An amazing growth story comes to an end: Smartphone penetration isn’t really growing any longer in mature markets. Smartphones are still sold in high volumes, but the difference is that they’re now primarily sold – subsidised or not – to existing smartphone owners, who upgrades.
In 2007, there was an untapped demand for smartphones. With penetration rates approaching 70%, this demand is now fulfilled.
Also maturing markets show signs of saturation – at penetration levels less than 20% – since income level is proven to be the primary factor behind smartphone penetration.
The need for the 30 USD smartphone crystallises from this analysis. But operators must also upgrade networks for mobile data – and make mobile data hassle-free also for prepaid customers.
Austria, with a population of 8.5 million, used to have five mobile network operators, making it one of the most competitive mobile markets in Europe. Now there are three left.
When Hutchison-Whampoa, the owner of ‘3’, made a bid on Orange, the European Union needed 11 months to approve it. EU appears to have changed their thinking since. It’s roaming that is under scrutiny now: If operators would agree to abolish roaming fees within EU, maybe EU could be more forgiving to national M&A?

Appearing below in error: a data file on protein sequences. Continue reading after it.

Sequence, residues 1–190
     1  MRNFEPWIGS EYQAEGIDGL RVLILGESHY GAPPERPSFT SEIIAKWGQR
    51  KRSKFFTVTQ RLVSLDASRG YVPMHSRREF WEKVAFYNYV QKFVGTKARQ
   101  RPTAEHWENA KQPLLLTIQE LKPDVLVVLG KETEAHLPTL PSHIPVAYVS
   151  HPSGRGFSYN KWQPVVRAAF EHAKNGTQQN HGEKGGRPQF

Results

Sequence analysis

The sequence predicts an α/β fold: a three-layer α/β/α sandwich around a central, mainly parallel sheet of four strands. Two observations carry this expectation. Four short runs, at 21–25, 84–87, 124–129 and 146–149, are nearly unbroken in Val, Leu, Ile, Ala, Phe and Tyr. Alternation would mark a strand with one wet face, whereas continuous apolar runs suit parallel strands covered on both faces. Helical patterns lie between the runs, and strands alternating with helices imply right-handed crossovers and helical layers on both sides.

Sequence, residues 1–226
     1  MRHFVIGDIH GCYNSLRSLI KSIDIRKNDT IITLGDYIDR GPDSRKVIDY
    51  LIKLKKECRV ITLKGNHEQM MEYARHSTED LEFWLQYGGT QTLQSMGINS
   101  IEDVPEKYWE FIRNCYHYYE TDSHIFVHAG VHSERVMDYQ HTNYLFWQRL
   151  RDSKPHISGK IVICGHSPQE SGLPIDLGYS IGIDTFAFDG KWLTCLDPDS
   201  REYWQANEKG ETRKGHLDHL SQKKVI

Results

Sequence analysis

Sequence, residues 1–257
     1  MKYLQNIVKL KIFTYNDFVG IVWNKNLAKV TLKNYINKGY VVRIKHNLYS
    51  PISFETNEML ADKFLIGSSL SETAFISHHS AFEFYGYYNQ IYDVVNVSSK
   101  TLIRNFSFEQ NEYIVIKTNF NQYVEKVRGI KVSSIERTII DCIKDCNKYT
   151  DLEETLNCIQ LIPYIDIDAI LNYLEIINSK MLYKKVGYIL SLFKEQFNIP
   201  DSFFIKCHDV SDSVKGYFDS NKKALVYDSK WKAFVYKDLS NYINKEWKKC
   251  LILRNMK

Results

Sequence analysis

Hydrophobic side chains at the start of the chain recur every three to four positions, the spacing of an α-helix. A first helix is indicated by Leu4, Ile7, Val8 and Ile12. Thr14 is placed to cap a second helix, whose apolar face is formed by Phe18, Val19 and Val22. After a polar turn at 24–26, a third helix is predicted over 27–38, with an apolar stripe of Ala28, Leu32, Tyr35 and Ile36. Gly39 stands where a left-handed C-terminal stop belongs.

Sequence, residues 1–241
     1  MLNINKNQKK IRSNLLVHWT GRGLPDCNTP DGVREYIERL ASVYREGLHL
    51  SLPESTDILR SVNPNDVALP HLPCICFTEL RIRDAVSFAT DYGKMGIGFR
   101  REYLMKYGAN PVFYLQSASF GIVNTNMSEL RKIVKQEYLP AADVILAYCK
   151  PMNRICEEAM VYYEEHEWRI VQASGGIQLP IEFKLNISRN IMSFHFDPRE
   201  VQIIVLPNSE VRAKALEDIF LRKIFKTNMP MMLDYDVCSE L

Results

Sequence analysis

Consequently, European operator executives are publicly advocating the need to cut the number of mobile operators to three per country. If Telefónica’s bid for E-plus in Germany is approved by KPN’s shareholders and by the EU, it will be the ultimate starting signal for Europe’s march towards national consolidation: If it can be done in EU’s largest country, why not elsewhere?
But since Austria serves as the 4-to-3 precedent of Europe, let’s check what the first six months with three mobile operators did to the business results.
Who are the operators with the most advanced vision for monetisation of big data? How have they positioned themselves and their products? Which ecosystem are they targeting? What are the actual opt-in and opt-out figures? How is the privacy issue dealt with? How much revenue is created so far?